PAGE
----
According to Caijing magazine, China is considering a revision to its nuclear energy development program: now targeting 5% of total capacity by 2020 instead of the 4% called for in a plan released just last year. Zhao Xiaoping, deputy director of NDRC ’s energy bureau, earlier said China may revise its development plan because “the country is capable and needs to accelerate development of the nuclear power industry.” NDRC’s 2007 plan gave priority for developing nuclear stations to coastal provinces such as Guangdong, Zhejiang, Shandong and Jiangsu. These new facilities would complement the 11 nuclear power plants now operating in China, all in coastal areas. But Caijing learned that three nuclear power projects – one each in central China’s Hubei, Hunan and Jiangxi provinces – are now awaiting NDRC approval. Indeed, several regions in central and southwest China – including Sichuan, Chongqing, Hubei, Henan and Jiangxi – had been lobbying the government for permission to launch proj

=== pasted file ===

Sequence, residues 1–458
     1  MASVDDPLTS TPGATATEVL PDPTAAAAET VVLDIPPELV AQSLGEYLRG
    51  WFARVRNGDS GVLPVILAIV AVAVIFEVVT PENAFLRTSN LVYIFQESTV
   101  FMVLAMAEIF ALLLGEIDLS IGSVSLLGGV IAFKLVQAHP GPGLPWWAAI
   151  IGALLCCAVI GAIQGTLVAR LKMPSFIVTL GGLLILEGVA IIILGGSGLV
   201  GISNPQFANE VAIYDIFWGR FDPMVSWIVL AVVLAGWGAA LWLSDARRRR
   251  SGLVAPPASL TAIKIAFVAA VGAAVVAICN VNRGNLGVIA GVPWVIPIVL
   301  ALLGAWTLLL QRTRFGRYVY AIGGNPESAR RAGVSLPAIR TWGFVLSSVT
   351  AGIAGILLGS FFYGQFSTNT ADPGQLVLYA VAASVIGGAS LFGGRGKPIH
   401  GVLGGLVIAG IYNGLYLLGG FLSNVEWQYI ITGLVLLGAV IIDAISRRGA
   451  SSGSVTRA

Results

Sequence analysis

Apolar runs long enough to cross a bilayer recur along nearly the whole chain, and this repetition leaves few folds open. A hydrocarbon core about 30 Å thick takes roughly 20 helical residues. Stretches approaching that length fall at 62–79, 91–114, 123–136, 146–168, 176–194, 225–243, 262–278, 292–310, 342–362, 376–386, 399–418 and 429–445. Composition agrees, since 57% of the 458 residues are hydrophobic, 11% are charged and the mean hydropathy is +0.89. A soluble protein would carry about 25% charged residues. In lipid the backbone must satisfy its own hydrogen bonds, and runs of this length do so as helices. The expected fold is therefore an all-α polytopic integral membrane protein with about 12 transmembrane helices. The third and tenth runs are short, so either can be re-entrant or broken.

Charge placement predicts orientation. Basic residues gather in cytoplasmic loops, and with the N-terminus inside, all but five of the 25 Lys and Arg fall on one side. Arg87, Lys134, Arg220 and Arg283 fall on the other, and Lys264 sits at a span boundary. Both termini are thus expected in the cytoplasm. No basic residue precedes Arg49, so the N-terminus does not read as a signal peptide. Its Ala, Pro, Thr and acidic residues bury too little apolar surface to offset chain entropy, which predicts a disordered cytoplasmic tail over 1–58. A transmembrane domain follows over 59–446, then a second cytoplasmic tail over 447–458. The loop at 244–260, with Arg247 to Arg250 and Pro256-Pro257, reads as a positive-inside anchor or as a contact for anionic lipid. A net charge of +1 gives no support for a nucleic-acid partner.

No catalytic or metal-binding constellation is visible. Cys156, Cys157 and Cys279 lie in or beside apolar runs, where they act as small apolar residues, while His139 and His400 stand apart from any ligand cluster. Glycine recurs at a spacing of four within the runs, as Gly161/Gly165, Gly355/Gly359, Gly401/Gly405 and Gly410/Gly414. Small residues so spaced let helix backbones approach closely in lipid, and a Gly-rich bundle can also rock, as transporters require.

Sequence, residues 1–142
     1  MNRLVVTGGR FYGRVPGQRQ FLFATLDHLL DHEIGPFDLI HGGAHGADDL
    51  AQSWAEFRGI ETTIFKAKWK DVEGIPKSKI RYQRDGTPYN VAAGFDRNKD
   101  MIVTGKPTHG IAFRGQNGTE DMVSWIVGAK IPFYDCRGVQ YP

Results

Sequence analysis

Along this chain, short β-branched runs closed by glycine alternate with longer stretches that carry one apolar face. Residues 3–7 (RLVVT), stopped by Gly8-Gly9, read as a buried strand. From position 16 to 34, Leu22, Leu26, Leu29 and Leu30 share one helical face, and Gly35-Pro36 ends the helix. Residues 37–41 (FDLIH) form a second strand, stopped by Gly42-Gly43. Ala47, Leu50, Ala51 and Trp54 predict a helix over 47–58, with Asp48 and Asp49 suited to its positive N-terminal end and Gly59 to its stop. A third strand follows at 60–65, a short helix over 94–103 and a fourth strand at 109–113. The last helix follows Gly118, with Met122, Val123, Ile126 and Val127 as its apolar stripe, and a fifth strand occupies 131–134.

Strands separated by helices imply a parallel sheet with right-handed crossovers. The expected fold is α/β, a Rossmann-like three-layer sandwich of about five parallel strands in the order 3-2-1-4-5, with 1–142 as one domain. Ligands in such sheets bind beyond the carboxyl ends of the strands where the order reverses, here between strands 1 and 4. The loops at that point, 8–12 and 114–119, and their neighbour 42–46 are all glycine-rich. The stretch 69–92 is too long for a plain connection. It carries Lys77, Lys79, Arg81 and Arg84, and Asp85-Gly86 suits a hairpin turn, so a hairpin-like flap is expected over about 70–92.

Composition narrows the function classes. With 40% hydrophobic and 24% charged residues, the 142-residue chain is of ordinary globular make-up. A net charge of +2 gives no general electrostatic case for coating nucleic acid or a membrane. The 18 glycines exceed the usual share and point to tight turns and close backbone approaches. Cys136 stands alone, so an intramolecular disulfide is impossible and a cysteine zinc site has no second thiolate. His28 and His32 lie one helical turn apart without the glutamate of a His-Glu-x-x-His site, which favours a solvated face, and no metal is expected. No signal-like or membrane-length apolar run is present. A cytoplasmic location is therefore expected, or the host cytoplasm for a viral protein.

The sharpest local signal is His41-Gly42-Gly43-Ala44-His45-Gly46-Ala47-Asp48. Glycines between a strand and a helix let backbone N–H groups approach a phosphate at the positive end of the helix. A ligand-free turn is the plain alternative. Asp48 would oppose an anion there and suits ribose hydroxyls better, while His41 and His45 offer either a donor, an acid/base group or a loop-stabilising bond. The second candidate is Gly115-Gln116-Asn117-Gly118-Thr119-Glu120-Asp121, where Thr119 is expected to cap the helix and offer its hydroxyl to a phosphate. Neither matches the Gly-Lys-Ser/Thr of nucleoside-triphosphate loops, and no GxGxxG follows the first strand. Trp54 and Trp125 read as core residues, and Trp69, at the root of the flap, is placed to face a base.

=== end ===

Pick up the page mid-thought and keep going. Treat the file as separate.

John McCain: Running From or To Nuclear Energy?

Because most of Washington’s television needs are served by local outlets and Washington is not a battleground for the presidential candidates – all that action’s over in Virginia – we don’t see as many of the presidential ads that many of you have endured. So it struck us as odd to read the following   from the invaluable about a new energy-focused ad from the McCain campaign: Yet the imagery in the ad of solar technology and windmills might lead viewers to draw some false conclusions about McCain's energy policy. McCain has been less than enthusiastic about the development of wind and solar energy. The Politico points out that McCain's favored source of alternative energy, nuclear reactors, did not make the cut for visuals – there are no shots of a cooling tower in the ad. Here’s the ad in question: And here’s an earlier ad in which does include nuclear in its litany, though a bit separate from its renewable cousins:

Governor Corzine on Nuclear Power in NJ